one of the gears in the gear group, comprising a first gear component which is in mesh with an adjacent gear located on the motor side and a second gear component which is in mesh with a gear located at the gear side of the support shaft;
the first gear component having formed in an area thereof facing the second gear component circular projections positioned on a circle concentric to the axis of rotation of the first gear component;
the second gear component having formed therein circular concavities in which the circular projections on the concentric circle are fitted;
a coil spring being provided between a gear located at the end of the same gear shaft and the rotary member to maintain the connection between the first gear component and second gear component by means of the gear on the gear shaft.
6. A mirror-housing positioning device as set forth in claim 5, wherein the circumferential end portions of each of the circular concavities are defined by slopes inclined from the surface of the first gear component toward the bottom of the circular concavity and the circumferential end portions of the circular projections are defined by slopes corresponding to the slopes of the circular concavity.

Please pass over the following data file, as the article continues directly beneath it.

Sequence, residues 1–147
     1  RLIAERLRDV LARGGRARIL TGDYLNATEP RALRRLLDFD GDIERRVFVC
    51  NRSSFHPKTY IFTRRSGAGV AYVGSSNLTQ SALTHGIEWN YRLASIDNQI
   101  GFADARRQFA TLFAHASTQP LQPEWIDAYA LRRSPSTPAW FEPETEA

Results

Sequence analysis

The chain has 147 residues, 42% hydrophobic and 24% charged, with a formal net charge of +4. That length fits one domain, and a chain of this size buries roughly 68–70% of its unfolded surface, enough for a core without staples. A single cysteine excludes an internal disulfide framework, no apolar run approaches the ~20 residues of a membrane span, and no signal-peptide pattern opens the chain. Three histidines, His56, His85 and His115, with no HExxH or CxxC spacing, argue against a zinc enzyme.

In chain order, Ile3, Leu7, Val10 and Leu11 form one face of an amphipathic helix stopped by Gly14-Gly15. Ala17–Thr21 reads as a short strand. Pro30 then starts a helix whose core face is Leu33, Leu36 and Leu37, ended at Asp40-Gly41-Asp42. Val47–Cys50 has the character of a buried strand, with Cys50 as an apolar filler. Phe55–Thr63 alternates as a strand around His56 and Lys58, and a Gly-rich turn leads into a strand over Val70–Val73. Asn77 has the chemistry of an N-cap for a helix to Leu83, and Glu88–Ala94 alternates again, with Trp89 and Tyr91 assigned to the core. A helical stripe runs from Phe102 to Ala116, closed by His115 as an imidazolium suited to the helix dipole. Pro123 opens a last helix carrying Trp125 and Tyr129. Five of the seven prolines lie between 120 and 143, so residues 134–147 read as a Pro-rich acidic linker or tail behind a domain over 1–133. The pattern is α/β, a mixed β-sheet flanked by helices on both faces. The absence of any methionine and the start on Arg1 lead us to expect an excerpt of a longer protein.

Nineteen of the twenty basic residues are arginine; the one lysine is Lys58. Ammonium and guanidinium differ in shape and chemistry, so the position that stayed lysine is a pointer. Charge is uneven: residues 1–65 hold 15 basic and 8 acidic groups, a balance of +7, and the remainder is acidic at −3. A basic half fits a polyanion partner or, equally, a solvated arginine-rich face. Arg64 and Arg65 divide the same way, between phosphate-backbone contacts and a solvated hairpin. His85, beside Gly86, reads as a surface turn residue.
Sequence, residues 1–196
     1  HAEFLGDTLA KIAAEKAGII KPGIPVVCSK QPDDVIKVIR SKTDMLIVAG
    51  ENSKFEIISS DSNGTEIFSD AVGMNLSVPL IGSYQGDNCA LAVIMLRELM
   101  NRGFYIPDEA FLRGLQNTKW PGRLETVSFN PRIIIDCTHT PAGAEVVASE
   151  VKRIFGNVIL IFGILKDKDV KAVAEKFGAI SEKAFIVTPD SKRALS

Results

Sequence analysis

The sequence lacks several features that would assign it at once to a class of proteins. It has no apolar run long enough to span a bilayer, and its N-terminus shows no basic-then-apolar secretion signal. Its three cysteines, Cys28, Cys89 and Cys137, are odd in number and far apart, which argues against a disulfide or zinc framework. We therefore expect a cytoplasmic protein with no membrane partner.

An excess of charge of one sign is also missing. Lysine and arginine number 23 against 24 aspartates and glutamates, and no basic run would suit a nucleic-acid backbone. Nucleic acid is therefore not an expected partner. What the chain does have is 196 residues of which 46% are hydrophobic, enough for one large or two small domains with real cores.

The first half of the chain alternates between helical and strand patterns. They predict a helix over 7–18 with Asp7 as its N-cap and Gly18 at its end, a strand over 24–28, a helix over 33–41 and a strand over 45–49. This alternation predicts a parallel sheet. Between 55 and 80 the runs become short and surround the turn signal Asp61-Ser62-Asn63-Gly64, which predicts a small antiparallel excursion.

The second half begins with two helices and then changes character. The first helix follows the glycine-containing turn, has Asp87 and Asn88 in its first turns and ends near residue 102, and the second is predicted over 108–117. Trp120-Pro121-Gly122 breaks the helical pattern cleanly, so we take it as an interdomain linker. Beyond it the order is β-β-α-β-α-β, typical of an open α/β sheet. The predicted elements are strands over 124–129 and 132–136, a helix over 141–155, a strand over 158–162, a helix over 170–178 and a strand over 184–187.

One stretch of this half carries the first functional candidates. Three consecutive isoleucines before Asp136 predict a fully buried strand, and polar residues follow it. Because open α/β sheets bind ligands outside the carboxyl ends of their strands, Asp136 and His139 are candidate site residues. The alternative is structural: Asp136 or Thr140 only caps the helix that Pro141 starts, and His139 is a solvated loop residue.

7. A mirror-housing positioning device as set forth in claim 6, wherein the slopes of the circular concavity include each a plurality of slope portions inclined upwardly from the recess bottom toward the surface of the gear components, the gradient of the slope portion nearest to the recess bottom is made larger than that of the other slope portion and the slopes of the circular projections are shaped correspondingly to those of the circular concavity.
8. A mirror-housing positioning device as set forth in claim 7, wherein the first gear component has formed thereon three circular projections located on a circle of which the center lies at the axis of rotation of the first gear component and the second gear component has formed therein three circular concavities located on the circle.